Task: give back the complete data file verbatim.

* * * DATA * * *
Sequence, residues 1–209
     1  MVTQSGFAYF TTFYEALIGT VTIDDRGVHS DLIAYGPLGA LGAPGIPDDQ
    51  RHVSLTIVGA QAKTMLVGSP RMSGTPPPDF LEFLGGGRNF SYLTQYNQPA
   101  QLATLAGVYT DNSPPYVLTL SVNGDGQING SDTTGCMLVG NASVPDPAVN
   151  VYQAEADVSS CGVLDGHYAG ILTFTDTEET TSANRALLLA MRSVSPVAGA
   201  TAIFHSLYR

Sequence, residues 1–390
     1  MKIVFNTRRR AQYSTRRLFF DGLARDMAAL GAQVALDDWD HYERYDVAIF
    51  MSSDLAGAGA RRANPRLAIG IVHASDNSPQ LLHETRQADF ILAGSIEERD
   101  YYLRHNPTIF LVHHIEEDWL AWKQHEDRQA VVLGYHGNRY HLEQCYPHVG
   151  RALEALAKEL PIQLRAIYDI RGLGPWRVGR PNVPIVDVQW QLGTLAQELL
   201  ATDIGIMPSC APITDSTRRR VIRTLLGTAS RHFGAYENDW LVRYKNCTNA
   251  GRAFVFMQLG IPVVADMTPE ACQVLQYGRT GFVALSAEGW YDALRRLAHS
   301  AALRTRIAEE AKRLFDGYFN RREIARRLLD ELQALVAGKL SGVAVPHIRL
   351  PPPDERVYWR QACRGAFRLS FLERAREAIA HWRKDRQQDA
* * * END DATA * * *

Sequence, residues 1–209
     1  MVTQSGFAYF TTFYEALIGT VTIDDRGVHS DLIAYGPLGA LGAPGIPDDQ
    51  RHVSLTIVGA QAKTMLVGSP RMSGTPPPDF LEFLGGGRNF SYLTQYNQPA
   101  QLATLAGVYT DNSPPYVLTL SVNGDGQING SDTTGCMLVG NASVPDPAVN
   151  VYQAEADVSS CGVLDGHYAG ILTFTDTEET TSANRALLLA MRSVSPVAGA
   201  TAIFHSLYR

Sequence, residues 1–390
     1  MKIVFNTRRR AQYSTRRLFF DGLARDMAAL GAQVALDDWD HYERYDVAIF
    51  MSSDLAGAGA RRANPRLAIG IVHASDNSPQ LLHETRQADF ILAGSIEERD
   101  YYLRHNPTIF LVHHIEEDWL AWKQHEDRQA VVLGYHGNRY HLEQCYPHVG
   151  RALEALAKEL PIQLRAIYDI RGLGPWRVGR PNVPIVDVQW QLGTLAQELL
   201  ATDIGIMPSC APITDSTRRR VIRTLLGTAS RHFGAYENDW LVRYKNCTNA
   251  GRAFVFMQLG IPVVADMTPE ACQVLQYGRT GFVALSAEGW YDALRRLAHS
   301  AALRTRIAEE AKRLFDGYFN RREIARRLLD ELQALVAGKL SGVAVPHIRL
   351  PPPDERVYWR QACRGAFRLS FLERAREAIA HWRKDRQQDA